So, John Morgan left the Democratic party and now thinks he can engineer some kind of a movement? Tough to do if you can’t even vote in the primary. Toomey’s right wing supporters were in the wilderness for years, but they stuck it out and now control the Republican Party. Seems like Morgan is doing the exact opposite. Keep on blogging buddy…cause that’s about all you can do if you can’t even vote against Specter in the D primary.

  5. Lee

    May 6th, 2009

    This is a classic example of instant analysis being both foolish and wrong. A week ago, the pundits were proclaiming that the Dems, with Specter, had a filibuster proof Senate. We see now how erroneous that was. I suggest that it won’t take much longer to see that the other side of “the deal” is just as incorrect. Rendell is a lame duck and getting lamer every day. The first place his waning power will be evident is his political muscle. He simply cannot clear the field for Specter, even if he wants. Specter’s fate is in his own hands, not Rendell’s. If Specter truly did change parties to enhance his chances of winning the 2010 election, he’d better weigh his Senate votes very carefully from here on out. Those votes, not the words of Rendell or Obama, are what PA Dems will base their ballots upon. I’ll bet you Obama knows that very well.

  6. David Diano

    May 7th, 2009

    A Specter/Sestak primary will piss away the $10 million total these two have in the bank already and millions more.
    This is like two poker players going “all in” for the trophy, but the house gets to keep the pot.

    These two ego maniacs will go at each other because a loss for either ends their political careers. They will put every dollar into the Primary and have nothing left afterward against a well funded GOP if they can “clear” the GOP field themselves.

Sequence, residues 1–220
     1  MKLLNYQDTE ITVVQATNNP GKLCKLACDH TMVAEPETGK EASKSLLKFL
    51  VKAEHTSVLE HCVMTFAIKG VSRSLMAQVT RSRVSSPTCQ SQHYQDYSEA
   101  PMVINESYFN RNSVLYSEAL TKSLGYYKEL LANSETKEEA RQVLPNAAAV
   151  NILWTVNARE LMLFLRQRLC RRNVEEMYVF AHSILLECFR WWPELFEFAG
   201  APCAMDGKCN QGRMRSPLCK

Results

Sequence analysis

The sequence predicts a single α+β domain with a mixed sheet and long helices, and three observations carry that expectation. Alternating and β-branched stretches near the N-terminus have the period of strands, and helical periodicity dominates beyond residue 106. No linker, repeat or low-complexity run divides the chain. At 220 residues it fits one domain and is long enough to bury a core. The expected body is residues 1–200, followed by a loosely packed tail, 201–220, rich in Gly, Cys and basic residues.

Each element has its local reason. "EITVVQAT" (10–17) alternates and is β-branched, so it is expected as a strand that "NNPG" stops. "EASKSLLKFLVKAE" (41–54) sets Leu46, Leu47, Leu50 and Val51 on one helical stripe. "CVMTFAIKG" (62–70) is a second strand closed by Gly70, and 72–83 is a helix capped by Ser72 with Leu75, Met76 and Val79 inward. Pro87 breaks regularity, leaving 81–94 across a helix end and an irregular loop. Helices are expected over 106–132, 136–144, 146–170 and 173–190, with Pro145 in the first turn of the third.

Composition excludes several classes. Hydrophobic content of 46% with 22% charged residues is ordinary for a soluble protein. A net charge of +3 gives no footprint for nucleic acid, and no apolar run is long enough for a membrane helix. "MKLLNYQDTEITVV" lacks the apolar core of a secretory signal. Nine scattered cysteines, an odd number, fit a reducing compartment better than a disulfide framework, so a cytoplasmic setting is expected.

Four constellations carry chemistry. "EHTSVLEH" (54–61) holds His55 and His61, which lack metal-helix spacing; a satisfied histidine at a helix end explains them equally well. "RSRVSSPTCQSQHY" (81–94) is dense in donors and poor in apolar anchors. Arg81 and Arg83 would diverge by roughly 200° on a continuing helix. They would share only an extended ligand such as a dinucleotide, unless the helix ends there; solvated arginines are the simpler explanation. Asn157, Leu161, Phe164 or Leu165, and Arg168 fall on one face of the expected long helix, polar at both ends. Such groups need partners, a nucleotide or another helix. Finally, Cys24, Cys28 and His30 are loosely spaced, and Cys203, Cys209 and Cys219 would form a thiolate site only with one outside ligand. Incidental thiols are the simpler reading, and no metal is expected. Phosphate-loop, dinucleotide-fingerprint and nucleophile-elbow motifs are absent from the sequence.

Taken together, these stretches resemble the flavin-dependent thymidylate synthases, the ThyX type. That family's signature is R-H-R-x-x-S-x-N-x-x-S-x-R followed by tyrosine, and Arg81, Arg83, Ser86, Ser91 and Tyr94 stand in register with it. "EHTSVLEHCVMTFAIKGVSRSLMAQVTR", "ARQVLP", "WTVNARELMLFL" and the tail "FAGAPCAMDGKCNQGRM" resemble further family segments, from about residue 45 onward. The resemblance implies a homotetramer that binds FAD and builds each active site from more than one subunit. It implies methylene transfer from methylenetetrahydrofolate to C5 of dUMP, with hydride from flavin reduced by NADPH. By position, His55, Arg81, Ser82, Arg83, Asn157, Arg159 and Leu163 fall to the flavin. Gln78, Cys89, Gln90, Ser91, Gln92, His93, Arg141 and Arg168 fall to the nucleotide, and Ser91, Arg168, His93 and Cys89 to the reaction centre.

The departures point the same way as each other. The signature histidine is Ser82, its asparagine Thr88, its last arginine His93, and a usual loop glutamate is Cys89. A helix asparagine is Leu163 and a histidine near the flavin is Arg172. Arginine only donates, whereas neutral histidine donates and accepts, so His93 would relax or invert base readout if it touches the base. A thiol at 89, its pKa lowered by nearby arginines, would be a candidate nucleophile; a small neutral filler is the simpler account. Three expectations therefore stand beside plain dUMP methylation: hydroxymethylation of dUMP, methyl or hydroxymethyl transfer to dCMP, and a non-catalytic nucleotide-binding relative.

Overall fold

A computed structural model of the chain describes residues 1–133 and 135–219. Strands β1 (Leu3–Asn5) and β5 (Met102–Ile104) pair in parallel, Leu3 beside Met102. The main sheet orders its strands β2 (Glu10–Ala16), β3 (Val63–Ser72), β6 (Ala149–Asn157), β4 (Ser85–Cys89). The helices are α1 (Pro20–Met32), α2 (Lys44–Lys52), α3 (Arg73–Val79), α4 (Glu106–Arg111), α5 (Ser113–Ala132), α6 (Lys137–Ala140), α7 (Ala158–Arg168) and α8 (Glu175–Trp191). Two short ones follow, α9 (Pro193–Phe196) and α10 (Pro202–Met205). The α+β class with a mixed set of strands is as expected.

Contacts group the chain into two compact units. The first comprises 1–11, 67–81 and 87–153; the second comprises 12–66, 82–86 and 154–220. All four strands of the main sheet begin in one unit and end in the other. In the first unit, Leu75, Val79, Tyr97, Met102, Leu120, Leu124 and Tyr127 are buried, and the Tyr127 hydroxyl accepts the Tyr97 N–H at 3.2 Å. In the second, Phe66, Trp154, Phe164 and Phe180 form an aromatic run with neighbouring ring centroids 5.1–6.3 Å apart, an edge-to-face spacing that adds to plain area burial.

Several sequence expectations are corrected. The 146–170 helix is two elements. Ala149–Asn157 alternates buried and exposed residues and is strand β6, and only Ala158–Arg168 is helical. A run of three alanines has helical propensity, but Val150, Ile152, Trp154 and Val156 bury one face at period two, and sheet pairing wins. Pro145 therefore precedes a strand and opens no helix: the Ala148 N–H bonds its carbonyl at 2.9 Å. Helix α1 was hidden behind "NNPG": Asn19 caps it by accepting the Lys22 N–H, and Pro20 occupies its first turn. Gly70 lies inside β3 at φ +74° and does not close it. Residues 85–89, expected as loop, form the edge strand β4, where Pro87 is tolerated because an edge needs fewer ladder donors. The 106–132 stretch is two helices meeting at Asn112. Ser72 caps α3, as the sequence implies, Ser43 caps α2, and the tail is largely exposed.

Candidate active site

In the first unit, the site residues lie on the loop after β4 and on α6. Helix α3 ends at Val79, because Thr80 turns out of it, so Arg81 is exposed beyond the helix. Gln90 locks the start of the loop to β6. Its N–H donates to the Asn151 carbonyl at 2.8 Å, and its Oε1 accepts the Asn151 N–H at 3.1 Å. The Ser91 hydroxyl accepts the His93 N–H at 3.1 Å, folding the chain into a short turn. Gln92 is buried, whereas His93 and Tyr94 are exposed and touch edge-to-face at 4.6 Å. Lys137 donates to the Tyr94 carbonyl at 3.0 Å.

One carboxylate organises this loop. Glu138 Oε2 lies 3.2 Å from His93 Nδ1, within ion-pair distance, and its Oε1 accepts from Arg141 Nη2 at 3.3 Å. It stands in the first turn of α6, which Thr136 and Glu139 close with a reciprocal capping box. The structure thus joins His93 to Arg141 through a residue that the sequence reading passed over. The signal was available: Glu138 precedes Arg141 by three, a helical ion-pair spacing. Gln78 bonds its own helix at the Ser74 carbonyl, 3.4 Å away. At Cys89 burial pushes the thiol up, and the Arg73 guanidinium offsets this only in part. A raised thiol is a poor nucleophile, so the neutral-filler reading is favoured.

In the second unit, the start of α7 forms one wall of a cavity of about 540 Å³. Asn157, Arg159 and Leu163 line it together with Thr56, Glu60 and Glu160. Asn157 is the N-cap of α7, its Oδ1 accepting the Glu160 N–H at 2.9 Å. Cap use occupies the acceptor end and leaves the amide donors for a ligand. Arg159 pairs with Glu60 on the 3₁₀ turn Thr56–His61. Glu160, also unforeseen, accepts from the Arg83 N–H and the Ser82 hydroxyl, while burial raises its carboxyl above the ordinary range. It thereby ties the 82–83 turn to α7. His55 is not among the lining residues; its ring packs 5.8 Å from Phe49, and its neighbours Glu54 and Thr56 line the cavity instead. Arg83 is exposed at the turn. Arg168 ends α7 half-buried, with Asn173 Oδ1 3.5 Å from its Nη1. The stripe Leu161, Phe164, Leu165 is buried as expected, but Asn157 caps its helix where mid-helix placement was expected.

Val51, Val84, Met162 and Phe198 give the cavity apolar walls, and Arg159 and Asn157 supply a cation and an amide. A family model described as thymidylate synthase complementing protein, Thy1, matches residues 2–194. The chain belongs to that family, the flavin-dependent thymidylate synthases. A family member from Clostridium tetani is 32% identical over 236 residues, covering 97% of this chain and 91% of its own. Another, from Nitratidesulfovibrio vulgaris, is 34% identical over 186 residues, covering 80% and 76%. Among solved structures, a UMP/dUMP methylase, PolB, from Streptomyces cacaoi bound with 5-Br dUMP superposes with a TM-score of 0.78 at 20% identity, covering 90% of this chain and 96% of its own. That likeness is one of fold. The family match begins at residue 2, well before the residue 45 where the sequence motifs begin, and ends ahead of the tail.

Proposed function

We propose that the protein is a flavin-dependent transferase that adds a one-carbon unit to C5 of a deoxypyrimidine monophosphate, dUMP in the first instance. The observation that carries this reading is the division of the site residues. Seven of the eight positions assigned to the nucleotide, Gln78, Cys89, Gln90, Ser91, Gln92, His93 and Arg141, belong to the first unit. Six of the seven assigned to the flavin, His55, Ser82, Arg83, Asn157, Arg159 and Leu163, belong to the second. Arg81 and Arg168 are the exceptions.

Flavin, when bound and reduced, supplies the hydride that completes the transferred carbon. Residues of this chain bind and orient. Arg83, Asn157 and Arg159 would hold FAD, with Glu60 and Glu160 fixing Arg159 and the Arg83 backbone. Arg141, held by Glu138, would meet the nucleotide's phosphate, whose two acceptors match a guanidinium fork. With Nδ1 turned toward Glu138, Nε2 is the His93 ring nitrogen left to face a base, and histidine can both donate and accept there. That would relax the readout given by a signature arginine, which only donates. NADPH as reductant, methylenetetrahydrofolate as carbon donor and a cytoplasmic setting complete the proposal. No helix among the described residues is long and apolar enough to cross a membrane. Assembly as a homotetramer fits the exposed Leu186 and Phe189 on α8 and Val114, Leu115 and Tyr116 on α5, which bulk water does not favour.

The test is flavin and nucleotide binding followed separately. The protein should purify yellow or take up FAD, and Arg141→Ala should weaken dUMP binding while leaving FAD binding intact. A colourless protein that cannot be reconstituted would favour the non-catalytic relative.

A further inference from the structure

These millions of Democratic dollars should be put to better use for some of the swing-able races on Nate Silver’s

  7. Lee

    May 7th, 2009

    David, you make a good point, but the stronger point may be the evils of the campaign financing system we now have. If we had public campaign financing, we could have a healthy primary contest without it depleting funds for the general election.

  8. David Diano

    May 7th, 2009

    While I like the idea of public financing, it has the following problem:
    If both sides have the same amount of money, the incumbent has the advantage. Also, money is easily raise for side groups to run parallel efforts.

    What I think is a better system would be to reduce the cost barrier to make it easier for challengers and the not-well financed.

    For example, reduce the postal rate to 10-cents for political mailings from the campaign so both sides can get their message out.
    Similarly, the public owns the airwaves. Have the broadcast rates for commercials (by the candidate, not PACs) at a very cheap rate.
    You could set some maximum minute limit for the discounted time to prevent abuse and also have some minimum amount of free time. The amounts would be calculated by some formula based upon population size, TV coverage, number of voters for office sought, etc.

  9. [...] So, after discovering the highly useful,  I find that Joe Torsella and Bob Kortz are in the race and not planning on leaving… at least not yet, despite rumors and rebuttals [...]